We are all familiar with the pain that accompanies a loss by suicide. What we often do not talk about are the other relationships that are challenged or even broken after a suicide occurs. Secondary loss, as they are often referred to, are the losses that occur in addition to the person lost on that tragic day. We expect the people we trust the most to be our strength in the aftermath of such tragedy. When they do not give us what we need, when they fail to support us in the manner that we need, we experience the pain of a secondary loss. In my experience this can be equally painful, as it maximizes the anguish that we have been left with.
I don’t think I realized how much I changed after the death of my dad. When we change, our relationships need to adapt. Unfortunately there are relationships that are not able to adapt to this change. The loss of close relationships often leads to further isolation and shame as we question who we can turn to in our time of need. We become angry at the people who we feel have betrayed us. This anger often blocks our ability to actually grieve the loss of our loved one. We feel isolated and alone. And if I know one thing, it’s that people do not grieve well alone. So, what do we do? I have compiled a few tips to help you cope with secondary loss, and potentially decrease any anger that you feel.
- Accept that people change only when THEY want to change. We cannot force people to change, which means we also can’t force a relationship to change.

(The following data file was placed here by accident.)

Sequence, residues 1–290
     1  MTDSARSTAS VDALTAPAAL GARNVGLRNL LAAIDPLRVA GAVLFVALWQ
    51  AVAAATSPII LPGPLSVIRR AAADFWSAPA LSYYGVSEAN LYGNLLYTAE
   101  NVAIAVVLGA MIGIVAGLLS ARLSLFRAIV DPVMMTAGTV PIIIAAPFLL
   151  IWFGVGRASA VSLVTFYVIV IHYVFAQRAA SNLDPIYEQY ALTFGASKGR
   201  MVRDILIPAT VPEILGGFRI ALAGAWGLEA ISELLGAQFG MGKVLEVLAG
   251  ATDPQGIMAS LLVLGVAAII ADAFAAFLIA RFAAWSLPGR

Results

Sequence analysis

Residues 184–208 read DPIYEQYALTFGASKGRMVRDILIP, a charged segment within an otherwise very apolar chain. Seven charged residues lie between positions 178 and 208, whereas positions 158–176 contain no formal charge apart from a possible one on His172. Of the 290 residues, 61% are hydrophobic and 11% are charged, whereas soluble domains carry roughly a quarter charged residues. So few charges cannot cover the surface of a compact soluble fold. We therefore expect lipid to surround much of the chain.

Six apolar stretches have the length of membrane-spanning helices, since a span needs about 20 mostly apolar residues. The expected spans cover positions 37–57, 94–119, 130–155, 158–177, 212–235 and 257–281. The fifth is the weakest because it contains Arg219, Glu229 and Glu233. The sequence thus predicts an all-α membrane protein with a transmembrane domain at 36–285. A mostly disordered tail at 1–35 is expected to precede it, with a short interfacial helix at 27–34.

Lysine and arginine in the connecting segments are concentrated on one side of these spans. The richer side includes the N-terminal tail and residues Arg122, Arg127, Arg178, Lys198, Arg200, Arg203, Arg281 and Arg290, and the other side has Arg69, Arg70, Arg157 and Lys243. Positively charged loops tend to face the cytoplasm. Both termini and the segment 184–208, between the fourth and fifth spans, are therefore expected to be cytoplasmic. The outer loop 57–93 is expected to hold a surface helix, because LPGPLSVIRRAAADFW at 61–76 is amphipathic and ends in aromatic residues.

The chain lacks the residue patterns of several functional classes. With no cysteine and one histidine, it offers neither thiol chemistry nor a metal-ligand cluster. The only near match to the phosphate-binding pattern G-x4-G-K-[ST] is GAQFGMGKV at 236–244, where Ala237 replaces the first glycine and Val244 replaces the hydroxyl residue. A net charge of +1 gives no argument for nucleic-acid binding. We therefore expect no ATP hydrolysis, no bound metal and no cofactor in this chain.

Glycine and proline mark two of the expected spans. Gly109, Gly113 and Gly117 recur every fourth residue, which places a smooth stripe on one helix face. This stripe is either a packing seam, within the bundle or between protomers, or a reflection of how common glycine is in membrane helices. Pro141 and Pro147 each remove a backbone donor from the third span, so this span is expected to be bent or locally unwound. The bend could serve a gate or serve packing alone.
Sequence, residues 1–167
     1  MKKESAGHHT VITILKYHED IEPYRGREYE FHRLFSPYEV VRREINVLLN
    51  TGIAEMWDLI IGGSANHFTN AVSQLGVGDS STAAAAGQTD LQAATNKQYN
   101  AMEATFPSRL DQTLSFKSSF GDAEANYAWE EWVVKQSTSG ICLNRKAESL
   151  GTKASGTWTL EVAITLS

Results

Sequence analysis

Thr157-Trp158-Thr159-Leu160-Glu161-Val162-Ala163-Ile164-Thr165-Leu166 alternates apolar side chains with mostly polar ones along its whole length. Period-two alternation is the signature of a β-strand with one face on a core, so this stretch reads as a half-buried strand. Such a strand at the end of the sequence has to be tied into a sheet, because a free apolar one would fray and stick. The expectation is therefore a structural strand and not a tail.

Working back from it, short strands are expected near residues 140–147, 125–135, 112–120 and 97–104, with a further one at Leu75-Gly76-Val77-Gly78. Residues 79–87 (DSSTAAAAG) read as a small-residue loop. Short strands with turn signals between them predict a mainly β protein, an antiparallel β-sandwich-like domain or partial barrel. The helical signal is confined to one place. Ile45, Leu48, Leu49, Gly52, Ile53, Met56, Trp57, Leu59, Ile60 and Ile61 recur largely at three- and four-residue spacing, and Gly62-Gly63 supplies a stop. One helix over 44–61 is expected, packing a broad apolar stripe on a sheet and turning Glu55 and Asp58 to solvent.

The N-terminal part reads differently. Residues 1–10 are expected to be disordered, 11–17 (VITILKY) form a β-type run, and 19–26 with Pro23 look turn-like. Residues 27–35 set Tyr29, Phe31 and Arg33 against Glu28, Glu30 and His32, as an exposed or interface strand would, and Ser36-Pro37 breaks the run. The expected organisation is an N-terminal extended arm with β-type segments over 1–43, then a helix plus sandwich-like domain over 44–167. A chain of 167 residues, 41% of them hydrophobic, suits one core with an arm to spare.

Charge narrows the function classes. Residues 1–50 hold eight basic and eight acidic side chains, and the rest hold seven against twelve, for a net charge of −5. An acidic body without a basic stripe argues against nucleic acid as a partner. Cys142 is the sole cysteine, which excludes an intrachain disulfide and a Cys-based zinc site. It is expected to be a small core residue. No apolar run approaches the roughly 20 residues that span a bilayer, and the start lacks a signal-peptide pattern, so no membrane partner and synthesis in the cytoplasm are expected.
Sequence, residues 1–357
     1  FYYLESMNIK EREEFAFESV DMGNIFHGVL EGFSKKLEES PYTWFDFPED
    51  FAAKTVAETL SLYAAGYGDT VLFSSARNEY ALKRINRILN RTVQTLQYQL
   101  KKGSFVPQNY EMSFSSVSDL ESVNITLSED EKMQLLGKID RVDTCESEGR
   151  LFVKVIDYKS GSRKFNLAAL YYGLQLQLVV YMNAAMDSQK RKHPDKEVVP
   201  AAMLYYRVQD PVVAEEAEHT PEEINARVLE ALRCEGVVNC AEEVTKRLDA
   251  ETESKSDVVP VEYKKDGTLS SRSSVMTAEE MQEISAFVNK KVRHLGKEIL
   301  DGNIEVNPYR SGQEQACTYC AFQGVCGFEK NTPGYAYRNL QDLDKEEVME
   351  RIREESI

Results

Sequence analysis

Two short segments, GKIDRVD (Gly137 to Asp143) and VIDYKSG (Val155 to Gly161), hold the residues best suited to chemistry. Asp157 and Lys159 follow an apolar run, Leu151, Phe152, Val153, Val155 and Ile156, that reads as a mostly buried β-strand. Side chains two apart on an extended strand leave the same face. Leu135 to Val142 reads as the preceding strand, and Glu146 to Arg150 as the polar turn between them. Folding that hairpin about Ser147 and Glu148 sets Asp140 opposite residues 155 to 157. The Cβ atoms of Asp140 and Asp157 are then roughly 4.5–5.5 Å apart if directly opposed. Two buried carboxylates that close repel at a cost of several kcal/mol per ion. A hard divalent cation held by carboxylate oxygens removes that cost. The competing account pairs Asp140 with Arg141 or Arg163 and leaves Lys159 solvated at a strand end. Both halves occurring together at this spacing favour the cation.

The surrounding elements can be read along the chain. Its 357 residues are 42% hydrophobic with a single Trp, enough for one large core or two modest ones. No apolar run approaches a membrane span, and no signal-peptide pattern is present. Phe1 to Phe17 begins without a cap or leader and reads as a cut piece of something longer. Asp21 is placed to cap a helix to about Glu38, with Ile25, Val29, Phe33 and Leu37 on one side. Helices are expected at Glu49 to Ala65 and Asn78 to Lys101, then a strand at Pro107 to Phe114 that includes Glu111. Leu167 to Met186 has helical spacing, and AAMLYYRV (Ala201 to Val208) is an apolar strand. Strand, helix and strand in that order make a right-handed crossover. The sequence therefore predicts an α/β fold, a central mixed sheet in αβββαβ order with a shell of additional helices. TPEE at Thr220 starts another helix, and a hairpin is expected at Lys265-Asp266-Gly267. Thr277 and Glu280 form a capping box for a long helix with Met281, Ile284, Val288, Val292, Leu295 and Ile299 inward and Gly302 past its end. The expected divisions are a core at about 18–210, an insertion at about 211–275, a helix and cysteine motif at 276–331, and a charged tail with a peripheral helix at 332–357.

- Don’t put more energy into a relationship than the other person. It only leads to exhaustion and frustration.
- Change your expectations for the person and the relationship. Maybe this person isn’t your “go-to” in times of need, but they might be great at providing a distraction when you need.
- Acknowledge and accept that every family member grieves differently. Don’t expect someone else’s grief to look like your own. Just because they aren’t crying everyday doesn’t mean they aren’t in pain. Just because they are crying everyday doesn’t mean they aren’t moving forward.
- Establish new supports. I was lucky enough to find a support group in the Chicago area after my dad’s suicide. I met Becky in this group, and she became the person who offered me the most support when it came to this loss. To this day, she is still the only friend I have that truly gets it. Finding a new support helped me maintain other great relationships. Ones that might not have been the best at understanding what I was feeling, but ones that still held a tremendous value in my life.
It took me awhile to learn how to navigate in this new world in which I was living. The best thing I ever did was change my expectations. If someone continues to let us down we need to ask ourselves: 1. Is this person worth keeping in my life? 2. Do I need to change my expectations? When I asked myself these questions, I learned that some relationships were never as good as I thought they were. Others were able to remain good, but only when I made my own expectations more realistic.